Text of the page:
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We will assume that the data were generated from a probability distribution
that is described by some parameters θ (not necessarily scalar). We treat θ
as a random variable. We will use the shorthand notation p(y |θ) to represent
the family of conditional density functions over y , parameterized by the ran
dom variable θ. We call this family p(y |θ) a likelihood function or likelihood
model for the data y , as it tells us how likely the data y are given the model
speciﬁed by any value of θ.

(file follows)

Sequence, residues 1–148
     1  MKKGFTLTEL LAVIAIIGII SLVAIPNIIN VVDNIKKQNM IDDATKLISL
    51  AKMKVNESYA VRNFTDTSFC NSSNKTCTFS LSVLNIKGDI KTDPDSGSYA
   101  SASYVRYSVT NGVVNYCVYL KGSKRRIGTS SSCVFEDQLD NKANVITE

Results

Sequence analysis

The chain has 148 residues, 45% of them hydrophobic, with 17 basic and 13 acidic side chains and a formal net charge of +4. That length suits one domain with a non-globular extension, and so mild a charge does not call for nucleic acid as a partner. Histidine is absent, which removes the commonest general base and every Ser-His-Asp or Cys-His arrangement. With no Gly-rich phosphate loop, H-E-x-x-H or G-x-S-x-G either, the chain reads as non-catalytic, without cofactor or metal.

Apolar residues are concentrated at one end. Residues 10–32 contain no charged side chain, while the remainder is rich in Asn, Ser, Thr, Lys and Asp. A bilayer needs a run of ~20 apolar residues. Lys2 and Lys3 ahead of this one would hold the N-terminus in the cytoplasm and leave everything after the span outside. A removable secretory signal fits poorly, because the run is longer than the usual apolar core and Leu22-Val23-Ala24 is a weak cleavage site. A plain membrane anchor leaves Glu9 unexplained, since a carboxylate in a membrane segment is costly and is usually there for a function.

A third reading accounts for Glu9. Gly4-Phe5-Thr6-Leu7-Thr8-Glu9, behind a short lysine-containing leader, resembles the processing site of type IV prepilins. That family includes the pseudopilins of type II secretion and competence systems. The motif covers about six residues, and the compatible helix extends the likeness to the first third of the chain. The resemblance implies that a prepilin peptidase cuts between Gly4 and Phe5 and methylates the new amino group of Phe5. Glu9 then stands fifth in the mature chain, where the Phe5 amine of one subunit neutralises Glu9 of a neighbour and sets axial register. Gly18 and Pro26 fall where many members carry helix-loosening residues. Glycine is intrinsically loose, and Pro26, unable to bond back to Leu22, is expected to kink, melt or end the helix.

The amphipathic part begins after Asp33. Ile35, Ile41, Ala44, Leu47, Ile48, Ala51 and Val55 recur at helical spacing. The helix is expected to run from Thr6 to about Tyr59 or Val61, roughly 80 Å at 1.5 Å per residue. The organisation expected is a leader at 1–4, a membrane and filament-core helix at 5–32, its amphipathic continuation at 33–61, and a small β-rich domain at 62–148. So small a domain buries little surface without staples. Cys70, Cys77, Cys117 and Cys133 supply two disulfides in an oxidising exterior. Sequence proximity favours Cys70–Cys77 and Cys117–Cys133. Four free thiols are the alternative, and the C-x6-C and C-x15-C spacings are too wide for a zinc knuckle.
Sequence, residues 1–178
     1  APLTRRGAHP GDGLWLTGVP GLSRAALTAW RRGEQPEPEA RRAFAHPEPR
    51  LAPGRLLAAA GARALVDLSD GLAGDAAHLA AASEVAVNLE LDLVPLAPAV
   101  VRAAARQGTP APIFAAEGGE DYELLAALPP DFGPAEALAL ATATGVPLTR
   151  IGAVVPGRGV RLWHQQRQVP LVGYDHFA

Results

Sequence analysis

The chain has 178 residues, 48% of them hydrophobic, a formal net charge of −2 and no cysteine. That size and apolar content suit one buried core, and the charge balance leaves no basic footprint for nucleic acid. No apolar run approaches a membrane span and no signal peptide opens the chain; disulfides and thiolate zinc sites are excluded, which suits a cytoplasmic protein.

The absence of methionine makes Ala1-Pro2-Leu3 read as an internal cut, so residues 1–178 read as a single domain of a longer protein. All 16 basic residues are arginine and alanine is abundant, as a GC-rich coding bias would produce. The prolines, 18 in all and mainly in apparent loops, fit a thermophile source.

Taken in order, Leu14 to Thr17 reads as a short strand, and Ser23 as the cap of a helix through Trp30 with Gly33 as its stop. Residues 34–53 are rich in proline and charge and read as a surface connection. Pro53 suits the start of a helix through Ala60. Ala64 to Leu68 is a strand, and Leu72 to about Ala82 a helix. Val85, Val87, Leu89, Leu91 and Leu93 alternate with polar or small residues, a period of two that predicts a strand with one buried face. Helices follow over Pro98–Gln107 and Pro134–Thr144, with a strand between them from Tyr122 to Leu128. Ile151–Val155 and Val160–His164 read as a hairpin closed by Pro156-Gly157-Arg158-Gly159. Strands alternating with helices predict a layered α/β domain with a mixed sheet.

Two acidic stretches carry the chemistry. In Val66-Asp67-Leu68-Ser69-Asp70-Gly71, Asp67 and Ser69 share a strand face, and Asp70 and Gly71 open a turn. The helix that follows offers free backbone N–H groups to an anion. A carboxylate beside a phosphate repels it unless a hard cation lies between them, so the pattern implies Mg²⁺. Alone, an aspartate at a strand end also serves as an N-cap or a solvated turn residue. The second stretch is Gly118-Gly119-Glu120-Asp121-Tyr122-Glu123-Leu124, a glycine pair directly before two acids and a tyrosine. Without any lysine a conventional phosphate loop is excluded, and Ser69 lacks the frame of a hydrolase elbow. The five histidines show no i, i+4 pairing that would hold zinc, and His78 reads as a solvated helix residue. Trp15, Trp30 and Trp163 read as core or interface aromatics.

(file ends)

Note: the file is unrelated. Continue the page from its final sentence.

We specify a prior distribution over θ, denoted p(θ). This distribution rep
resents any knowledge we have about how the data are generated prior to
1 observing them. Our end goal is the conditional density function over θ, given the observed
data, which we denote as p(θ|y ). We call this the posterior distribution, and
it informs us which parameters are likely given the observed data.
We, the modeler, specify the likelihood function (as a function of y and θ)
and the prior (we completely specify this) using our know...
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This note was uploaded on 03/24/2014 for the course MIT 15.097 taught by Professor Cynthiarudin during the Spring '12 term at MIT.
- Spring '12